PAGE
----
By Theo Leggett
Business reporter, BBC World Service
It has been a vintage year for Formula One Motor racing.
Honda's decision to close its F1 team created shockwaves
After a season of high drama, Lewis Hamilton swept through to win the drivers championship on the very last corner of the final lap of the final race.
But since then, F1 has been attracting the headlines for all the wrong reasons - as the economic downturn has started to take a heavy toll on the sport.
In early December the Japanese firm Honda announced that it was closing the doors on its high-spending but underperforming team.
The company was one of six carmakers that made up more than half of the F1 teams during the year.
F1 Total financial resources 2008
Red Bull: $164.7m
Torro Rosso: $128.2m
Force India: $121.85m
Source : Formulamoney.com
Honda's withdrawal was prompted by a sudden and unexpected fall in sales.
Now there are fears that other manufacturers could follow the Japanese carmaker out of the sport - leaving F1 with half-empty grids to show its millions of television viewers.
The problem is that Formula One is simply too expensive.
In this hi-tech world, a single nut or bolt can cost up to $1,000 (£664) - and top teams can burn through more than $400m a year.
Times are hard
Until recently, manufacturers such as Honda, Renault and BMW were happy to plough cash into the sport, in exchange for valuable television exposure.
Mr Ecclestone raises $1bn a year from race fees, TV rights and advertising
But now things have changed.
In November, Honda saw its sales in the United States and Europe fall by almost a third compared with the same period a year ago.
Other companies are also struggling to sell cars. Their profits are suffering, and that means Formula One is starting to look like a luxury they can hardly afford.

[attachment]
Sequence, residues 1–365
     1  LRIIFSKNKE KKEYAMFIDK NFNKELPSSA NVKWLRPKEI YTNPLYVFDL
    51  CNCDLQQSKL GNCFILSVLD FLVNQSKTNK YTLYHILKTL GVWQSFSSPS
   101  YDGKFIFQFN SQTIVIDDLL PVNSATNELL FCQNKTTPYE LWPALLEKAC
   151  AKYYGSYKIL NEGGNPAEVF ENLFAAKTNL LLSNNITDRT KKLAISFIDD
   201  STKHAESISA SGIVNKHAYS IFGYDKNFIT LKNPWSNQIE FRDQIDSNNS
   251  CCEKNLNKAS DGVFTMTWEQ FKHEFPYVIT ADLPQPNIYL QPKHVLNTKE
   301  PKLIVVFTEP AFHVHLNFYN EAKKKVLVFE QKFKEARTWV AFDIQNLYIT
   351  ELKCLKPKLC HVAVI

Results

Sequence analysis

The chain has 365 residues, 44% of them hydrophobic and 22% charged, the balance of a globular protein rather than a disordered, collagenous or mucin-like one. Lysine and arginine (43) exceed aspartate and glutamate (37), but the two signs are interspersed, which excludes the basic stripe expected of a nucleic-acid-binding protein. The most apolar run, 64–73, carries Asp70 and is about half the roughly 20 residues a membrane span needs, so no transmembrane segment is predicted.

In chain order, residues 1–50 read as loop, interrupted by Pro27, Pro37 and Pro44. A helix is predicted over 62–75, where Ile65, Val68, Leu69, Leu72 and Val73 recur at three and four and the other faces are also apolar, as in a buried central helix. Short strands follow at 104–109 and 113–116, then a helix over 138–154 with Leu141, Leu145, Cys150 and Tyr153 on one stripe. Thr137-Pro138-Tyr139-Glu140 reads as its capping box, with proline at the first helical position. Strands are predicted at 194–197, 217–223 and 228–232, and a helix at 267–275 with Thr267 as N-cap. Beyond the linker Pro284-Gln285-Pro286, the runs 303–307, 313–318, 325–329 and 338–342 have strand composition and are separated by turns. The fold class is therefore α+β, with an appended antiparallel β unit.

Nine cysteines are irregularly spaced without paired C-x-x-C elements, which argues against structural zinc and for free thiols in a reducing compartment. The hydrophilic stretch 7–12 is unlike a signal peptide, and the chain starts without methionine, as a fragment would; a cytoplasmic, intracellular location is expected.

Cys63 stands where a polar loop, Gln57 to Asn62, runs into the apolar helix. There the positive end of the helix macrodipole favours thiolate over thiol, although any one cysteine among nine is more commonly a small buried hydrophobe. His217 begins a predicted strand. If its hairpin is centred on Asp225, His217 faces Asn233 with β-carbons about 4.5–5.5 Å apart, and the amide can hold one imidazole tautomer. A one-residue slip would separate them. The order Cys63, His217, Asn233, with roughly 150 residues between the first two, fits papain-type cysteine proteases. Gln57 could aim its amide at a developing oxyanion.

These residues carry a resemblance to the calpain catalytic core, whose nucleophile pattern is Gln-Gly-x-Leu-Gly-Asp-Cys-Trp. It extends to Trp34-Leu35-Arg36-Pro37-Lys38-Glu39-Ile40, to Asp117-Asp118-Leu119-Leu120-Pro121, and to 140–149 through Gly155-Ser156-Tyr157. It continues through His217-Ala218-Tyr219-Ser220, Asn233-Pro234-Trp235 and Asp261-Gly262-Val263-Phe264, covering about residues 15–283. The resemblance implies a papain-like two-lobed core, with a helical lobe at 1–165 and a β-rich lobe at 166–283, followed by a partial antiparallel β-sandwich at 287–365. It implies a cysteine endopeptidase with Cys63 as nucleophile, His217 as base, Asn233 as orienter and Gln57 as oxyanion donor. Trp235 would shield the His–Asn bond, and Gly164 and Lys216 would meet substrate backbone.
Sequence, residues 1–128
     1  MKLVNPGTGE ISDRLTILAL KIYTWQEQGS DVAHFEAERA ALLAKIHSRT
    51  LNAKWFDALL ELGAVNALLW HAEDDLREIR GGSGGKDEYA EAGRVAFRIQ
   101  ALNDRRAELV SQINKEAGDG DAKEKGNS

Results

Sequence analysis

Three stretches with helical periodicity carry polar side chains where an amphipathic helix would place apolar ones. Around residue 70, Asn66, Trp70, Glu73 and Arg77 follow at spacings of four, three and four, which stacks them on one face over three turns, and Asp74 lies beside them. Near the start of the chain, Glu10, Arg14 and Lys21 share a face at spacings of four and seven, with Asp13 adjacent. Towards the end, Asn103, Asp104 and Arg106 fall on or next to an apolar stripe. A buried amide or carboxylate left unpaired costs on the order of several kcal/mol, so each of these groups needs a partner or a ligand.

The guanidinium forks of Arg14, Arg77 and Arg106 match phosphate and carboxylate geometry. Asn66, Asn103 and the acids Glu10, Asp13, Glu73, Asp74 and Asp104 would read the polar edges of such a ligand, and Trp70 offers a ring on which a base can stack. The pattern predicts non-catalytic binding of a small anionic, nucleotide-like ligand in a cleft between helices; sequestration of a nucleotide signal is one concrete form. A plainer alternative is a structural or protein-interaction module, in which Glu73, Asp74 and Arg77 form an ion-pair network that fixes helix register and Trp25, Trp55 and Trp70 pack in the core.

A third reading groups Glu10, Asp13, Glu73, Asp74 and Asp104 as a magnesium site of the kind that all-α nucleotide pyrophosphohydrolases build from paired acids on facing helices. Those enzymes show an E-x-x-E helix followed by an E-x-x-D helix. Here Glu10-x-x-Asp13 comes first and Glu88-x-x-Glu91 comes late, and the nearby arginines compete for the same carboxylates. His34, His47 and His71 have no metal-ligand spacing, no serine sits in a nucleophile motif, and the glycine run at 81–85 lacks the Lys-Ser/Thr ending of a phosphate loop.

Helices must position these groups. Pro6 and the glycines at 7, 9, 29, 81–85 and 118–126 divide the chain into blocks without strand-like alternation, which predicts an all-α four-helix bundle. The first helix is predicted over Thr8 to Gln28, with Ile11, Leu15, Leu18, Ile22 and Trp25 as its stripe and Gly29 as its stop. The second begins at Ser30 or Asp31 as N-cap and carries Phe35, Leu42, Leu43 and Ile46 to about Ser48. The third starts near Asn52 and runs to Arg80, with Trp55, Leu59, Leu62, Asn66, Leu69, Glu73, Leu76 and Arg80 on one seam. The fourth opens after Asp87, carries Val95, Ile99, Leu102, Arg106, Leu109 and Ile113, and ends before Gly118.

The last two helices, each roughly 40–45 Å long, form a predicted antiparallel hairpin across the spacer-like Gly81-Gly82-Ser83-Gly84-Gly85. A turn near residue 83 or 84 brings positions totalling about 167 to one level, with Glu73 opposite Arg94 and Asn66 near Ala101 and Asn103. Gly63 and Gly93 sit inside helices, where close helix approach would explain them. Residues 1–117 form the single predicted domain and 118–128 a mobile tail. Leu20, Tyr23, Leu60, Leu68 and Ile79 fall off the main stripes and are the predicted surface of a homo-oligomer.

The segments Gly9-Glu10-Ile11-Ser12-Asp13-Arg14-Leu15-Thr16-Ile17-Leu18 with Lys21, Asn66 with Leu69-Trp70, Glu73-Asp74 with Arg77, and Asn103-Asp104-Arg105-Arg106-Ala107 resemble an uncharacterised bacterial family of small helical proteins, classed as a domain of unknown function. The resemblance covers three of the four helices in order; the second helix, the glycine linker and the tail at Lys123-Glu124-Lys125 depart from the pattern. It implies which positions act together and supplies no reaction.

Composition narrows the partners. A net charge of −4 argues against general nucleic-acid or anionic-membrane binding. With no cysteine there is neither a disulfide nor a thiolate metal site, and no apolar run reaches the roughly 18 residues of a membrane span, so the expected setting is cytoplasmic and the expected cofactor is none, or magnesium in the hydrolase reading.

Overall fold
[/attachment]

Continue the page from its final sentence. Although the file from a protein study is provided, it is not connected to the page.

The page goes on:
A handful of teams in F1 do compete without the backing of a major car manufacturer, yet they too are far from immune to the effects of the downturn.
They rely on support from wealthy shareholders and on income from sponsorship, but in the current economic climate, good quality sponsors can be hard to find.
"It is difficult. Times are hard," says Ian Philips, commercial manager of Force India, a relatively small team owned by the Kingfisher beer billionaire, Vijay Mallya.
"You just have to work harder, to prove that you can give a return on investment."
Yet while F1's teams are struggling to make ends meet, the sport itself has seemingly never been richer.
Formula One is past its peak in terms of spending
About $1bn is raised every year from advertising, race fees and television rights - a commercial empire created by the sport's figurehead, Bernie Ecclestone.
But the teams only get half of the cash.
Much of the rest is used to repay debt and interest on loans taken out by the company that ultimately controls F1, private equity group CVC Capital Partners.
"CVC have $2.3bn in debt that they took out to buy the commercial rights to F1," says Christian Sylt, author of Formula Money, a detailed guide to F1's finances.
"They're making annual repayments of about $240m. To sustain that, F1's revenues need to keep going up.
"But the teams also want more money - and the easiest way to get it is to ask the rights holder for a bigger share of the income the sport generates."
Tough debt burden
This is a big problem for CVC.
If they don't get a bigger share of Formula One's marketing riches, more teams could follow Honda out of the door, potentially undermining the glamour and prestige that have made F1 so wealthy in the first place.
But CVC cannot afford to give too much away, or it could find itself struggling to repay its debt, something which would have serious implications for the sport as a whole.
According to Mr Sylt, a large chunk of that debt was provided by the part-nationalised British bank, RBS - secured on the commercial rights to F1.
Hence, in the unlikely event that CVC was to default on its loans, the British taxpayer could effectively and inadvertently end up with a stake in the sport.
CVC declines to comment.
F1 in recession
Meanwhile, the company is scrambling to increase its revenues.
In recent years, it has abandoned many of F1's European heartlands, in favour of new events in regions such as Singapore, Shanghai and Bahrain.
The reason is simple: governments in the Middle East and Asia are willing to pay tens of millions of dollars for the right to host a grand prix. European governments, by and large, are not.
At the same time, F1 teams are under intense pressure to cut costs.
"An F1 team should be able to get by on $60-70m a year," says Max Mosley, president of motor racing's governing body, the FIA.
At a meeting in December, F1's teams did agree to a raft of measures designed to cut their budgets by up to a third.
But in the current frosty economic climate, even that may not be enough.
What is clear is that Formula One is in recession, and racing headlong into a rather uncertain future.